The cosmic promise conveyed by Christ’s resurrection

Fourthly, when we read Paul’s letters attentively, we can spot some development in his thinking about Christ’s resurrection and its impact. In his very first letter, Paul reflects on the resurrection within a framework that his fellow Christians shared with him. When witnessing to their hopes about the final coming of Christ in glory, they and Paul think simply of the men and women who make up the Christian community, both those who will already be dead and those who will still be alive at the coming of the Lord (1 Thess 4: 13-18).  All the faithful will be equally blessed at the end, and will live forever with the risen Lord.

Ten years or so later, Paul’s own horizon of thought about the resurrection has expanded dramatically. He now understands the resurrection to be working itself out, through the power of the Holy Spirit, for the good of the whole created world. The new age of final freedom from decay and death has already begun, and is a foretaste of the future, transformed universe. Whether they are aware of this or not, all human beings and the entire cosmos are in fact living in expectation of the definitive, glorious transformation that will come (Romans 8: 18-25).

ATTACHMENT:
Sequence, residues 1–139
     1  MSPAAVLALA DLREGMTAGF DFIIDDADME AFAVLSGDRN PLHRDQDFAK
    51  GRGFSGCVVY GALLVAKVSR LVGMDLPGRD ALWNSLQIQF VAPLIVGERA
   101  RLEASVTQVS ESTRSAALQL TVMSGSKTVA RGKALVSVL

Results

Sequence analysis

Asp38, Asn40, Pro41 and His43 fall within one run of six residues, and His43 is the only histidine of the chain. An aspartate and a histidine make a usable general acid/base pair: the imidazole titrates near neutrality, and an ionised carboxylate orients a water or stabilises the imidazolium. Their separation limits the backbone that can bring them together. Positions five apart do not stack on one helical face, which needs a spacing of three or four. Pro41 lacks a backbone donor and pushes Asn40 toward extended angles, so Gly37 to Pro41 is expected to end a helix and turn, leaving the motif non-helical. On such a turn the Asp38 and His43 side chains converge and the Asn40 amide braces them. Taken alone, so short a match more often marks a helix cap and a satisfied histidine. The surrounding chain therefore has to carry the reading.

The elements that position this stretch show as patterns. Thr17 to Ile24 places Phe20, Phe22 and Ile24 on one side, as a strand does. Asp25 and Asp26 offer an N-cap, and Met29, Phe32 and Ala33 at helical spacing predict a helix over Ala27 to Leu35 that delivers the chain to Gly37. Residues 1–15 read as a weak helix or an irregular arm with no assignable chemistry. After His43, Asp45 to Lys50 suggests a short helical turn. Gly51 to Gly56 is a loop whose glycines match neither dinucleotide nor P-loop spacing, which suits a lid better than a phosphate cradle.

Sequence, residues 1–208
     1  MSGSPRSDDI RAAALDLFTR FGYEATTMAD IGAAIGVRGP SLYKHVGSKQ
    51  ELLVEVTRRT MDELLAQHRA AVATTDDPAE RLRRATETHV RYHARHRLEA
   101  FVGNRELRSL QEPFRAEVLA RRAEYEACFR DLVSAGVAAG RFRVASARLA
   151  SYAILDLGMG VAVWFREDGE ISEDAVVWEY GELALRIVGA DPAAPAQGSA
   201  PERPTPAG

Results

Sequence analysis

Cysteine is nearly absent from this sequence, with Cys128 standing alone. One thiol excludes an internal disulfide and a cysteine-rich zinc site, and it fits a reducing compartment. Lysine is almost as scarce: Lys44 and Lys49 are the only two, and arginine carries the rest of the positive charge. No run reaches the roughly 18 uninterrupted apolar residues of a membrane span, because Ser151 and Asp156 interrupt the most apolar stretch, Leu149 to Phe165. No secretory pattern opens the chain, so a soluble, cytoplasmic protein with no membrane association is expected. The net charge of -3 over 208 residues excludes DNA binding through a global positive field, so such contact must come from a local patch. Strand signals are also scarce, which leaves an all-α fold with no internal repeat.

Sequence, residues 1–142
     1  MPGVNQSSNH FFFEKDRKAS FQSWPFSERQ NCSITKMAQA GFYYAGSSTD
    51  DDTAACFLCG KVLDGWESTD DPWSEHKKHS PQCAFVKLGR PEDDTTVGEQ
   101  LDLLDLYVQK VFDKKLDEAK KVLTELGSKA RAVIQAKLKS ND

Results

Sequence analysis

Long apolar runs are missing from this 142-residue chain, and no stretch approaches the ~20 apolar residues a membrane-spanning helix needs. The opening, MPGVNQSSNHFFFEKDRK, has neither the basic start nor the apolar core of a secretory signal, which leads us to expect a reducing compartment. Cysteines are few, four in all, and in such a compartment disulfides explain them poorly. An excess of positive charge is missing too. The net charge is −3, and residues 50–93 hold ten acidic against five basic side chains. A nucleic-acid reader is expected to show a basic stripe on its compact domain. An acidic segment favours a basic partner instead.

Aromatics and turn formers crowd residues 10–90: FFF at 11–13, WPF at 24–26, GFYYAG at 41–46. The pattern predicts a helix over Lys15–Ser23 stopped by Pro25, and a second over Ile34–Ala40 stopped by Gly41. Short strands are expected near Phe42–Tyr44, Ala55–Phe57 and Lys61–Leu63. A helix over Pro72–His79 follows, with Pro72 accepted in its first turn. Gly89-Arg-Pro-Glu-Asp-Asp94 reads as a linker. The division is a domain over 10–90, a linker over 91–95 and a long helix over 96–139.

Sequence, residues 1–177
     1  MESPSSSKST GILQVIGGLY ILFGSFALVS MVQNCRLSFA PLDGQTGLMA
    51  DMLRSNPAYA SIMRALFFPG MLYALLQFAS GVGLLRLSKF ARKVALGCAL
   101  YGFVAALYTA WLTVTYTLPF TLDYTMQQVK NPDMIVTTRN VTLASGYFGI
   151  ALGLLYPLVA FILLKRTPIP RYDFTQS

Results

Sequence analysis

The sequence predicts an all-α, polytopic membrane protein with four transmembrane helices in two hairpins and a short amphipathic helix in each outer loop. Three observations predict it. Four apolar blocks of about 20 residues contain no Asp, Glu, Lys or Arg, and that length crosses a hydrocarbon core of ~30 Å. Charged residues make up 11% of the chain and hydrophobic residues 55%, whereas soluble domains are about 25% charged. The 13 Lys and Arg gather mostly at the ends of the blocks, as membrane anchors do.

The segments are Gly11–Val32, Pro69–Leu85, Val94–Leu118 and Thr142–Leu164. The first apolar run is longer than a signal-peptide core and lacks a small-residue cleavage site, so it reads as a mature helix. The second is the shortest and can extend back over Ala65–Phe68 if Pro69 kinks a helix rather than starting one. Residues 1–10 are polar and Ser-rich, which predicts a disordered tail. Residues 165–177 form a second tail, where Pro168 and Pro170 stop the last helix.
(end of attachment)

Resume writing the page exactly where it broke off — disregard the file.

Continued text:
Such then are four areas in which Paul enlightens us about the Easter faith of the earliest Christians, and what that faith entailed for him personally. Beyond question, there is much more to be added about that Easter faith and Paul’s reflections on it, but it is worth exploring at least these four areas. They let us see where the apostle adds precious details about his meeting with the risen Lord and his own insights about what Christ’s resurrection means for the identity of God, the celebration of the Eucharist, and Christian hope for the whole of humanity and the created universe.

The weeks and months of a special year dedicated to St Paul are slipping by fast. We would do well at the one Easter which falls in the year of Paul to pause and reflect on how the great apostle has enriched our knowledge and appreciation of the glorious resurrection of Jesus and what it holds out to us.

Gerald O’Collins SJ is a research professor at St Mary’s University College, Twickenham. His latest book, Catholicism: A Very Short Introduction, is published by Oxford University Press.

Read more of Thinking Faith’s series on Saint Paul:

  Who Was Saint Paul? – Peter Edmonds SJ

 The Long Road to Damascus – Bishop John Arnold

 Paul the Pastor – Jerome Murphy-O’Connor OP

  The Vision of Saint Paul – Nick King SJ

  Getting to know Saint Paul today – David Neuhaus SJ

  Paul, Trinity and Community – Michael Mullins

  Power in Paul – David Harold-Barry SJ

  St Paul and Ecumenism – Bishop John Arnold

  The Letter of Paul to the Philippians – Peter Edmonds SJ

  The Letter to the Colossians: Jesus and the Universe – Brian Purfield